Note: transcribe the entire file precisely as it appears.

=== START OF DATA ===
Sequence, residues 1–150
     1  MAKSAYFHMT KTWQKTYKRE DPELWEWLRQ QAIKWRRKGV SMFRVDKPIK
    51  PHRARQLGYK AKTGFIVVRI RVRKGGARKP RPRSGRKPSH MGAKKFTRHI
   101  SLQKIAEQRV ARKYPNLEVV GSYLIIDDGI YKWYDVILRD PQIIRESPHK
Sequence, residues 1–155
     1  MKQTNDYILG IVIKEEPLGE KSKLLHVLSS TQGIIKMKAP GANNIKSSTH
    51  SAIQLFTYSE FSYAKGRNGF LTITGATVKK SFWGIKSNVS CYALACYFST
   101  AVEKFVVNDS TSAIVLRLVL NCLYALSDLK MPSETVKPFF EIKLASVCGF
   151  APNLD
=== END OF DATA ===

Sequence, residues 1–150
     1  MAKSAYFHMT KTWQKTYKRE DPELWEWLRQ QAIKWRRKGV SMFRVDKPIK
    51  PHRARQLGYK AKTGFIVVRI RVRKGGARKP RPRSGRKPSH MGAKKFTRHI
   101  SLQKIAEQRV ARKYPNLEVV GSYLIIDDGI YKWYDVILRD PQIIRESPHK
Sequence, residues 1–155
     1  MKQTNDYILG IVIKEEPLGE KSKLLHVLSS TQGIIKMKAP GANNIKSSTH
    51  SAIQLFTYSE FSYAKGRNGF LTITGATVKK SFWGIKSNVS CYALACYFST
   101  AVEKFVVNDS TSAIVLRLVL NCLYALSDLK MPSETVKPFF EIKLASVCGF
   151  APNLD